UAV Systems for Photogrammetric Data Acquisition of Archaeological Sites

International Journal of Heritage in the Digital Era 01/2012; 1(1):7-14. DOI: 10.1260/2047-4970.1.0.7


The use of UAV systems for surveying archaeological sites is becoming progressively more common due to the considerable potential in terms of rapidity of survey, costs and accuracy. The paper presents the first results of the photogrammetric survey of the archaeological site of Himera in Sicily (Italy) using by UAV systems. A complete documentation of the site through the production of a DSM and an ortho image were carried out. The research further evaluated two different image processing workflows: a typical photogrammetric approach and a computer vision approach. An ortho image of the archaeological site with a very high resolution was obtained.

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Available from: Mauro Lo Brutto,
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    • "Several experiments were carried out for the latter aspect, comparing software arising from photogrammetry and from Computer Vision (CV) (Irschara et al., 2010; Neitzel & Klonowski 2011; Verhoeven et al., 2011; Haala & Rothermel, 2012; Lo Brutto et al., 2012; Rosnell & Honkavaara, 2012; Mancini et al., 2013; Sona et al., 2013), but few examples were reported concerning the quality of metric accuracy in relation to the use of CV techniques and, in particular, to the use of Structure from Motion (SfM) approach against different image network configurations (Nocerino et al., 2013). At present it is unclear if the use of more stable block configuration could improve the accuracy and the reliability of results for UAV images processed by CV approach. "
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    ABSTRACT: The use of Unmanned Aerial Vehicle (UAV) is becoming very common for photogrammetric survey especially due to numerous advantages compared to "traditional" aerial photogrammetry. The work carried out describes the first results obtained using different UAV systems for Cultural Heritage surveys. The study was performed acquiring two different datasets on an archaeological site and a "land art" site respectively. These datasets have different characteristics in relation to the extension of the surveyed areas, the used platform, the flight parameters. A Computer Vision approach has been used to produce 3D models and ortho-images with a very high level of detail. Some tests were also carried out to evaluate the metric accuracy of the images orientations and 3D models.
    06/2014; II-5. DOI:10.5194/isprsannals-II-5-227-2014
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    • "Il processamento delle immagini è fortemente influenzato dalla notevole irregolarità dei blocchi fotogrammetrici e dall'elevato numero di immagini necessarie per una completa copertura delle aree di studio. Diverse sperimentazioni sono state effettuate per quest'ultimo aspetto, mettendo a confronto software derivanti dalla Computer Vision e classici programmi fotogrammetrici (Neitzel 2011; Verhoeven et al., 2011; Lo Brutto et al., 2012). L'attività svolta nel presente lavoro ha lo scopo di effettuare una prima valutazione sulle potenzialità delle piattaforme UAV nel campo del rilievo dei beni culturali attraverso l'analisi di diversi dataset che si differenziano per la tipologia dei velivoli utilizzati, per le caratteristiche dei voli e per l'estensione delle zone riprese. "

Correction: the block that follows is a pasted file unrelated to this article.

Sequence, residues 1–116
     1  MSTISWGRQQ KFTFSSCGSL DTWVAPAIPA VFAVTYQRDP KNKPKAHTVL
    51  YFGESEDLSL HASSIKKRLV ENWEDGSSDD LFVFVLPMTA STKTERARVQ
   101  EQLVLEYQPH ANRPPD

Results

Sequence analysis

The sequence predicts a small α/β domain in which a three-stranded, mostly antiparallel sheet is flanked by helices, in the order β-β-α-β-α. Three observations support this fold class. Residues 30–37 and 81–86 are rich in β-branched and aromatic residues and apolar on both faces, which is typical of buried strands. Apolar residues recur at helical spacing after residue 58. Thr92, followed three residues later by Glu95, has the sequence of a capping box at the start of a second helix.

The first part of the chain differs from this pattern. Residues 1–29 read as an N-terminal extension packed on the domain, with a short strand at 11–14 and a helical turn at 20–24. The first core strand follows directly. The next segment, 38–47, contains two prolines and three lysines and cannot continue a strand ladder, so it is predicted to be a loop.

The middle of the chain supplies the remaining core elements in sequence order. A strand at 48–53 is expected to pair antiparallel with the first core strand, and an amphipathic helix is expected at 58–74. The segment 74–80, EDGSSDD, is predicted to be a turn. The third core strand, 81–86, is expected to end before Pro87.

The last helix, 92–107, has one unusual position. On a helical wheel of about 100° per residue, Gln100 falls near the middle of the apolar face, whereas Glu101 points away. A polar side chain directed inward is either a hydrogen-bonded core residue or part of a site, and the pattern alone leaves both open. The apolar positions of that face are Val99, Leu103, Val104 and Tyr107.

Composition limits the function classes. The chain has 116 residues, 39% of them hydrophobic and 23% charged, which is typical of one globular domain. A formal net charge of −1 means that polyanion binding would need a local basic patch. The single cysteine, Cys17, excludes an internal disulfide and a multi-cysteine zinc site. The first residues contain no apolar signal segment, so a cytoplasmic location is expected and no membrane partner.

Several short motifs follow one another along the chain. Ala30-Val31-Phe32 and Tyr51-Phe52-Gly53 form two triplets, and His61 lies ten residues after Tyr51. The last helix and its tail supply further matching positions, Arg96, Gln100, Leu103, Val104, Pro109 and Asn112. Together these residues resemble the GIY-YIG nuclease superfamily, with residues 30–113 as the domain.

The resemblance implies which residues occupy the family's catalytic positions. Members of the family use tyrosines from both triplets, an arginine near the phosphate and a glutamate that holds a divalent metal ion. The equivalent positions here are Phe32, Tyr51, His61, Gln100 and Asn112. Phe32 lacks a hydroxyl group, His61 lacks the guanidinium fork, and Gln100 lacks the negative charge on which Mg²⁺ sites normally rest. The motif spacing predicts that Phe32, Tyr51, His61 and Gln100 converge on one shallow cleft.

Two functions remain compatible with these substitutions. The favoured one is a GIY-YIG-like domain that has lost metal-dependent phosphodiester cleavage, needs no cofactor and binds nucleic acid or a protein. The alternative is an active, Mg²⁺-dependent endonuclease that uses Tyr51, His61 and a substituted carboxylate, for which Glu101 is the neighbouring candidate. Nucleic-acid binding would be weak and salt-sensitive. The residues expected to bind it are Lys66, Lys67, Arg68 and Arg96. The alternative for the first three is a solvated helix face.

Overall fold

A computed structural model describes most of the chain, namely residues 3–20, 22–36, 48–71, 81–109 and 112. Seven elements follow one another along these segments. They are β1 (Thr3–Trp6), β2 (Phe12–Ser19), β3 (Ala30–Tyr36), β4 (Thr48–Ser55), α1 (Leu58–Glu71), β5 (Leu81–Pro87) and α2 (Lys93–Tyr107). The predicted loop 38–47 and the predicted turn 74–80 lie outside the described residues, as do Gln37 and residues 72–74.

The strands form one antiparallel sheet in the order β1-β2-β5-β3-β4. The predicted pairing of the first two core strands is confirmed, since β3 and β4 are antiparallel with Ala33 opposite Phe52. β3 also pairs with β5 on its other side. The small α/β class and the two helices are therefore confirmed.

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    ABSTRACT: The use of Unmanned Aerial Vehicle (UAV) is becoming very common for photogrammetric survey especially due to numerous advantages that present compared to classic aerial photogrammetry. The work carried out describes the first results obtained using different UAV systems for surveys in Cultural Heritage study. The work was carried out by acquiring some datasets relating to archaeological sites; these datasets have different characteristics in relation to the type of used vehicle, flight characteristics and extension of the surveyed areas. Some evaluations were also carried out about the metric precision of the images orientations and the level of detail obtained from 3D models and orthophotos.
    17° Conferenza Nazionale A.S.I.T.A., Riva del Garda (Italy); 11/2013
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    ABSTRACT: Microtopographic mapping has a long history in archaeology and has gained prominence recently owing to the proliferation of digital technologies. With such proliferation, it becomes necessary to compare and contrast different approaches based on a common set of criteria. This article compares the implementation and efficiency of two methods of mapping microtopography – ground-based Real-Time Kinematic Global Navigation Satellite System (RTK GNSS) and Unmanned Aerial Vehicle Photogrammetry (UAVP) survey – assessing the pros and cons of each, including those related to data quality. ‘Off-the-shelf’ solutions for methods were used to create the comparative dataset of microtopographic maps of six Middle and Late Bronze Age sites over the course of four seasons between 2007 and 2013 in the study area of the Central Lydia Archaeological Survey in western Turkey. Comparison of results demonstrate that the methods are similar with respect to ease of implementation, cost efficiency, and the (in)significance of data defects, while, unsurprisingly, UAVP survey can be greater than one order of magnitude more labor efficient than RTK GNSS survey and over two orders of magnitude more detailed as measured by data density. The accuracy of both methods is high, within typical error budgets for site-level mapping, and comparable to other recent digital mapping approaches. Accordingly, the results suggest that, given site suitability, UAVP is the more labor and cost-efficient method in the long run, with significant data quality benefits.
    01/2014; 1(1). DOI:10.2478/opar-2014-0003